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China Forcefully Opposes U.S. Missile Defense System In South Korea


And to better understand this American missile defense system in South Korea and why China opposes it, we're going to talk to Michael Elleman. He's a senior fellow for missile defense at the International Institute for Strategic Studies. Thanks for coming in.


MCEVERS: OK, so this is a missile defense system. It's being built to protect South Korea against any aggression from North Korea. Why then is China so opposed to it?

ELLEMAN: Well, China is primarily concerned with the future of missile defense in the Asia Pacific. This particular deployment will not threaten its nuclear deterrent. However, they fear that in the future, as the United States supersizes its overall missile defense architecture, that that would become a problem or a threat to the nuclear forces.

MCEVERS: So basically China's concerned that this would give the U.S. an edge...


MCEVERS: ...And presumably if China and the U.S. were ever to get into some kind of conflict. Is that the idea?

ELLEMAN: Well, yes. The Chinese have a - actually a small number of nuclear weapons. They believe in minimum deterrence. And if the United States is able to have the capacity to knock down a large percentage of their nuclear weapons, then they might be in a situation where they cannot feel comfortable that they can retaliate and deter the United States at some point.

MCEVERS: It's also a radar. I mean is there any indication that the U.S. plans to use this system to monitor China's activities?

ELLEMAN: Well, THAAD uses a very powerful radar to detect and then track any threatening missile. The radar will be pointed towards North Korea. China tests its missiles off to the west of the Korean Peninsula, so that radar would have to be re-oriented. It's not a simple thing to do.


ELLEMAN: And the Chinese would obviously see that it's been reoriented 'cause they would detect the signals.

MCEVERS: OK, so that's something that's just more theoretical and in the future than right now.


MCEVERS: And the way this system is worked - right? - it's basically, you know, a bullet hitting another bullet, right? It's firing something to stop something else in the air. How hard is that to do? I mean how effective is this system?

ELLEMAN: Well, we don't know how effective it will be in battle. It has never been used in combat. It has been subjected to evaluation on the test range, and it has a fairly decent record of - about 80 percent of the time, it succeeds in intercepting a missile. The problem is, in battle, there are a lot of unforeseen debris in the air and things of that nature, electronic jamming. So that could confound the system.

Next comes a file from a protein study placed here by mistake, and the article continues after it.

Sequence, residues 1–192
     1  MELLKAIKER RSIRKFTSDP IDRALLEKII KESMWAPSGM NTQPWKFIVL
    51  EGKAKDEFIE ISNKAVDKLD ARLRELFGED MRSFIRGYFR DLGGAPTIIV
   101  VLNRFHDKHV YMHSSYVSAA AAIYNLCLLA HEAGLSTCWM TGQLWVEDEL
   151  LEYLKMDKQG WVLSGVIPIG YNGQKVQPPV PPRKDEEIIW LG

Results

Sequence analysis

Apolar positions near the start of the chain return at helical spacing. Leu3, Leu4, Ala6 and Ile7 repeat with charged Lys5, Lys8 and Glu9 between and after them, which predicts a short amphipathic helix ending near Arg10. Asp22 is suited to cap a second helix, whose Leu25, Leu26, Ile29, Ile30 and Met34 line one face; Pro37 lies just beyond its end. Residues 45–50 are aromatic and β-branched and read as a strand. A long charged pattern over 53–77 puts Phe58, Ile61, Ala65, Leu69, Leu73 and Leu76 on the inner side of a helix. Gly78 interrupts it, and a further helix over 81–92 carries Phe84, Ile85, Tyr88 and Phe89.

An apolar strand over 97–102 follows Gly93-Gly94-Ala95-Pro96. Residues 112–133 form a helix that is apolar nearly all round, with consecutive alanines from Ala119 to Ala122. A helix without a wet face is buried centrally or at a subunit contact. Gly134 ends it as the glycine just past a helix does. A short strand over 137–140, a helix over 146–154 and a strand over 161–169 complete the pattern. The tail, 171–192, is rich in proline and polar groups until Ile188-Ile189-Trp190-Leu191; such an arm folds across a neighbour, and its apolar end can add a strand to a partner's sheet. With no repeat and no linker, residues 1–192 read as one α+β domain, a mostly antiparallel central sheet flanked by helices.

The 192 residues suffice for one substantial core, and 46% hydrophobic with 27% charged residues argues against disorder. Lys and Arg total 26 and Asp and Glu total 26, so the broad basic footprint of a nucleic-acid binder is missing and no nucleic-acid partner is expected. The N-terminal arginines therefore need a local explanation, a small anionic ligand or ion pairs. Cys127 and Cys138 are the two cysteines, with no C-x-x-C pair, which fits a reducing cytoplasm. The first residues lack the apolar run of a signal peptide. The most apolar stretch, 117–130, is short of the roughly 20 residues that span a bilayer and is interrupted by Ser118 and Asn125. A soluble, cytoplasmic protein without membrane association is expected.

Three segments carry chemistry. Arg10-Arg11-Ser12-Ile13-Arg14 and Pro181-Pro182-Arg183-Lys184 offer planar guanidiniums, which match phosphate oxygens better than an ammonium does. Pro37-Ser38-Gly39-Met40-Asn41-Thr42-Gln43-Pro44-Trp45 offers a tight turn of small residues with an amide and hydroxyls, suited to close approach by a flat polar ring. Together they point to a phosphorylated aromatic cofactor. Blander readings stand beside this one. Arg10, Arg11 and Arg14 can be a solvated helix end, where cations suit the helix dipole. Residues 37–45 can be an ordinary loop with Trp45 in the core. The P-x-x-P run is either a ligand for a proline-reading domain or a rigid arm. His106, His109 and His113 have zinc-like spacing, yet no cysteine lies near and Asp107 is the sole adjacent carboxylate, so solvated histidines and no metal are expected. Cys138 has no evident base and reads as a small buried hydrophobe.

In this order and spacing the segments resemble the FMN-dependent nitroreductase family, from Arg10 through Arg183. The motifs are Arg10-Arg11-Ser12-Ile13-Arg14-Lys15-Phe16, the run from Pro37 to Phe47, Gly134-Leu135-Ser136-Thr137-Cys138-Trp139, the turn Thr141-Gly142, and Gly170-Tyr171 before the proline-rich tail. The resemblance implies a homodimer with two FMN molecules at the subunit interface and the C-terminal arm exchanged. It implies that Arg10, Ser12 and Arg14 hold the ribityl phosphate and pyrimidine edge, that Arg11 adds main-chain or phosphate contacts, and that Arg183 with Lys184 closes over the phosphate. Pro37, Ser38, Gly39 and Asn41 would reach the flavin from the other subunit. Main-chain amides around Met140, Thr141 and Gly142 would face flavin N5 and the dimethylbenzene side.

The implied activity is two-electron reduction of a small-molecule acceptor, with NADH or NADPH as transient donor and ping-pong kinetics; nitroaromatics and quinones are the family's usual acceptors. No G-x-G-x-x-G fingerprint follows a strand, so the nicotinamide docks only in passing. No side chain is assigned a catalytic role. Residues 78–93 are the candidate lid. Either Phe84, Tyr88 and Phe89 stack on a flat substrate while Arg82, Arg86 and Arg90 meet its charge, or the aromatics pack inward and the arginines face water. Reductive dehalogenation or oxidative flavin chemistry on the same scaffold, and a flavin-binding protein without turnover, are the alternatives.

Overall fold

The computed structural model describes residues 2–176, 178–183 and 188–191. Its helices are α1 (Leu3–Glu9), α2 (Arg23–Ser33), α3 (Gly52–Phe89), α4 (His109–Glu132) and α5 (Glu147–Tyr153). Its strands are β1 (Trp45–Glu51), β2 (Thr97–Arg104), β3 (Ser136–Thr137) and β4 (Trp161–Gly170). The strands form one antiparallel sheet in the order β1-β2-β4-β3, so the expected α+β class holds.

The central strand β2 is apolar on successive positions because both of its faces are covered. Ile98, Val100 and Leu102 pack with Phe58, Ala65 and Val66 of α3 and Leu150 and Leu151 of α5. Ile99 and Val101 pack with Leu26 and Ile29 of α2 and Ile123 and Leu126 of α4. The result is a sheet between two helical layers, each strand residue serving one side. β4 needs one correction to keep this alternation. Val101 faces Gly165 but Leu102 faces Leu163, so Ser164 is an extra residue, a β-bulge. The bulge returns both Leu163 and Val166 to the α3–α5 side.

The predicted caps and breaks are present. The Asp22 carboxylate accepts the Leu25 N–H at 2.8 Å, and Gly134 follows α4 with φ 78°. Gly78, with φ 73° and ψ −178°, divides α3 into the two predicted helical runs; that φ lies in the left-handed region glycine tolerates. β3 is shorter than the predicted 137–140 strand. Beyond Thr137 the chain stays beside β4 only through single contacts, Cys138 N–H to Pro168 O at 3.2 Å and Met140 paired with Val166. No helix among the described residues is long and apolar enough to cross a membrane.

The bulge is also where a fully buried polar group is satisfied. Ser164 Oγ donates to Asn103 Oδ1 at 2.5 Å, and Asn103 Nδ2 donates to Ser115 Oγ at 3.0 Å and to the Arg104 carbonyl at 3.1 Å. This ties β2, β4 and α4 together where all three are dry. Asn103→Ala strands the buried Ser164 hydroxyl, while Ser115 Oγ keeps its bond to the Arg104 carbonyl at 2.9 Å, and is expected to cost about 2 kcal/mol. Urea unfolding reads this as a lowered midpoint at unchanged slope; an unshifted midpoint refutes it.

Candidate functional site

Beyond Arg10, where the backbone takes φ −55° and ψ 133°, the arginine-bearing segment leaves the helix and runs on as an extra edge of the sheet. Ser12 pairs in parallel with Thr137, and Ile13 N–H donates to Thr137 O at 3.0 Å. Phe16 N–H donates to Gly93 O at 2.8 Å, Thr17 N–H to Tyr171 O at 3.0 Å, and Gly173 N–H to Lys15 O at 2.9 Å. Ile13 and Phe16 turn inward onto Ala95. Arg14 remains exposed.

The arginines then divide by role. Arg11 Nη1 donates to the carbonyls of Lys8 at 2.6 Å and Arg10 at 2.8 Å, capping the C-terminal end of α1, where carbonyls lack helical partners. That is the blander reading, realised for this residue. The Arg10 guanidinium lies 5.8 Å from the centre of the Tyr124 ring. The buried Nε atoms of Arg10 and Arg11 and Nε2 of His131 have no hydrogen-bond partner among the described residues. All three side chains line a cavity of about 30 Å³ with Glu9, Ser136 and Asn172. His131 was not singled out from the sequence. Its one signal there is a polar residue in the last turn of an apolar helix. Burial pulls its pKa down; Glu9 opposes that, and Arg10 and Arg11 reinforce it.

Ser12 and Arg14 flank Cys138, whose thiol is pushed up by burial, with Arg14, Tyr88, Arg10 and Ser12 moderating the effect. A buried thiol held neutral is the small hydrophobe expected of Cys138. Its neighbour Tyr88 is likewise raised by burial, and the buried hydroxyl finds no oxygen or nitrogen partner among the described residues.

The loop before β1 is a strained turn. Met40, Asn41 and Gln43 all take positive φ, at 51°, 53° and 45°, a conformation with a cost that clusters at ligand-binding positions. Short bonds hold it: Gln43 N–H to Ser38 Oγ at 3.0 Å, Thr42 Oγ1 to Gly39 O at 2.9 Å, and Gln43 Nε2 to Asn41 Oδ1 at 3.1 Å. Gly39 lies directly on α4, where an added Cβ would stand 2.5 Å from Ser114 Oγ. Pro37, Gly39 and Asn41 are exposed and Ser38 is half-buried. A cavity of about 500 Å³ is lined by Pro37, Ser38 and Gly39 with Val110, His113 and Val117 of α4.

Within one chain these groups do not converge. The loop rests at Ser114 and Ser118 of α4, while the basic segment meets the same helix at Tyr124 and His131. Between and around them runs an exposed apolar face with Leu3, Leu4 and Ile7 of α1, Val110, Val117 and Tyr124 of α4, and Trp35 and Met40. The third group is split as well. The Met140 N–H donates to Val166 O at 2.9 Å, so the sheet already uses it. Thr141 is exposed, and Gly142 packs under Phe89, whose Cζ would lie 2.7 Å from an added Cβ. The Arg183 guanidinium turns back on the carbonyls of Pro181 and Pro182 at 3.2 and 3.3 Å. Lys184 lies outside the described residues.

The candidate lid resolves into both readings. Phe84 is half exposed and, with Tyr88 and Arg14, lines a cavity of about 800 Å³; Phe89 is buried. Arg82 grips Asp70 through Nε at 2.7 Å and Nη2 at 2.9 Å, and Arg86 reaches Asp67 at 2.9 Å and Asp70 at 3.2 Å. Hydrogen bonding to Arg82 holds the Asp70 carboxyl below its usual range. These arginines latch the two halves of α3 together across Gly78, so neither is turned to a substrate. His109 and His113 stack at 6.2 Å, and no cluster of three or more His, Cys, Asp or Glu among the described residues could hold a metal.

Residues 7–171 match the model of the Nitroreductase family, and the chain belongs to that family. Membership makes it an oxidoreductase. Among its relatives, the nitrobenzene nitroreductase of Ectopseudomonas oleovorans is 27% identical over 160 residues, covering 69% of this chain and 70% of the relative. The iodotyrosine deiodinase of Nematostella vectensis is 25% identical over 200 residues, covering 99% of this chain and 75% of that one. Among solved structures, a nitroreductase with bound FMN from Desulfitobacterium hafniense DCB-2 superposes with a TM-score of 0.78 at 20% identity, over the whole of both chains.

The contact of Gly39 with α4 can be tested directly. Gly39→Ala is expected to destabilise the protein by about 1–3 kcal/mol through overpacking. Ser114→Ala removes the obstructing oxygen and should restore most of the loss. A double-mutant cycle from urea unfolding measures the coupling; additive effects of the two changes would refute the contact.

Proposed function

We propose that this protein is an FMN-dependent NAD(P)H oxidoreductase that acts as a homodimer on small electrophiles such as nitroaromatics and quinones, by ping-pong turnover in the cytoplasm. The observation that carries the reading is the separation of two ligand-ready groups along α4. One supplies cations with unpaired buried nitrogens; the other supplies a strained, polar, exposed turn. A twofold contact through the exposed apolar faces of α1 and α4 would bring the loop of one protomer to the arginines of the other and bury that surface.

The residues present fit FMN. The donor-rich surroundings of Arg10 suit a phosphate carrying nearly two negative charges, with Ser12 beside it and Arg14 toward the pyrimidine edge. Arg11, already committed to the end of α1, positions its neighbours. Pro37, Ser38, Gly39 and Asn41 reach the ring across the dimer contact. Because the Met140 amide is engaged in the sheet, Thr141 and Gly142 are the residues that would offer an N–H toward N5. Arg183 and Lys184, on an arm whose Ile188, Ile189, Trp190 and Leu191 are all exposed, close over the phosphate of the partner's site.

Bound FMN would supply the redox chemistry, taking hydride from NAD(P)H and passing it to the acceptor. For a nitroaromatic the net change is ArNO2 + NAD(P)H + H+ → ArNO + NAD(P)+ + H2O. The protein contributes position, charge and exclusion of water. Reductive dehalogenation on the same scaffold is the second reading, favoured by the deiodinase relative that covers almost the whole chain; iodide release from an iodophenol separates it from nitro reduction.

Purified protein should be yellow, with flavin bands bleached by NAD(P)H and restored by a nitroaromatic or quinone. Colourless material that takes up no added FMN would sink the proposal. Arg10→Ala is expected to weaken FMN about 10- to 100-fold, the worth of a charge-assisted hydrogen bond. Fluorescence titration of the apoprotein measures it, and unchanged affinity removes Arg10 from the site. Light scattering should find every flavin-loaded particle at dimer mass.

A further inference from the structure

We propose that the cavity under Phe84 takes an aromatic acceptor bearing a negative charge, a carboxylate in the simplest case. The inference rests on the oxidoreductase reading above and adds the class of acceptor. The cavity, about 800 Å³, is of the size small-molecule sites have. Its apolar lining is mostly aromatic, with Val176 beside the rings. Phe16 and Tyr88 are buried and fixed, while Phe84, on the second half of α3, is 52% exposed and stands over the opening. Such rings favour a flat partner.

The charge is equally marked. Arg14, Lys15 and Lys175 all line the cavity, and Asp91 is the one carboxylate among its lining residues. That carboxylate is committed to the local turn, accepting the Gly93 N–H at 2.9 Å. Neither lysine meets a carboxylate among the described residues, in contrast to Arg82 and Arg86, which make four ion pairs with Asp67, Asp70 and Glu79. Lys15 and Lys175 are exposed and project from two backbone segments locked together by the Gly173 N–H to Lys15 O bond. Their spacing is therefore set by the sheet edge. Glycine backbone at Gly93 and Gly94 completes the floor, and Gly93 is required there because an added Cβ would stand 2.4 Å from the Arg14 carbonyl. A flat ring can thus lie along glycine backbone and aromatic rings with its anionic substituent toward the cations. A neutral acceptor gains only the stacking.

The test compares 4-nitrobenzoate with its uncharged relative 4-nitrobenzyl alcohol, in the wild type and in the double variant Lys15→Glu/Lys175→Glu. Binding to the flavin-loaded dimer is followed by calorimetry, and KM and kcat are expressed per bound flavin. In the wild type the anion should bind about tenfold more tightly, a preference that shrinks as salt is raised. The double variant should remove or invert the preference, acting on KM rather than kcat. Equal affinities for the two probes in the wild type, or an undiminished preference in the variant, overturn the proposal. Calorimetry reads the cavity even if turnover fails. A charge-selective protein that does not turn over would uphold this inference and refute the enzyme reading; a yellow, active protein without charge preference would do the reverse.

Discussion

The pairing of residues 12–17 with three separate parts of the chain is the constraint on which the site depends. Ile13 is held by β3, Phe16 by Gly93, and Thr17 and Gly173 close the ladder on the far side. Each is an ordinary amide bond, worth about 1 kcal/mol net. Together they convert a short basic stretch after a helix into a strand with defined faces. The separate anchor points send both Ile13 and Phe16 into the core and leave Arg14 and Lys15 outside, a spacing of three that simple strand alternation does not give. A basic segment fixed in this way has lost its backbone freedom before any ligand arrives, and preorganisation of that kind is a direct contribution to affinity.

So you know, it's an unknown. And I think the first couple days of any battle in which it's deployed, it may not perform as well as expect or hoped. But I think as we gain more experience on the battlefield, it will achieve or come close to achieving its design goals, which is about an 80 percent intercept rate for a single interceptor.

MCEVERS: You talked about, you know, after a couple of days, things could be ironed out. You know, the system would figure out what was going on. But you know, theoretically, if North Korea were to launch a nuclear weapon in that timeframe, I mean it would be game over, right?

ELLEMAN: Yes, it would. But I think it's important to remember that the THAAD system is primarily - and missile defense in general in - within the theater - is designed to protect against conventional threats and minimize the damage much the way air defense minimizes enemy aircraft capability. Against nuclear weapons, you know, one or two is going to get through no matter how good your defense is. So to believe that it's going to protect you in that way I think would be a bit of hubris.

MCEVERS: Michael Elleman, senior fellow for missile defense at the International Institute for Strategic Studies in Washington, D.C., thank you very much.

ELLEMAN: Thank you.

(SOUNDBITE OF THAD JONES SONG, "BILLIE-DOO") Transcript provided by NPR, Copyright NPR.

NPR transcripts are created on a rush deadline by an NPR contractor. This text may not be in its final form and may be updated or revised in the future. Accuracy and availability may vary. The authoritative record of NPR’s programming is the audio record.

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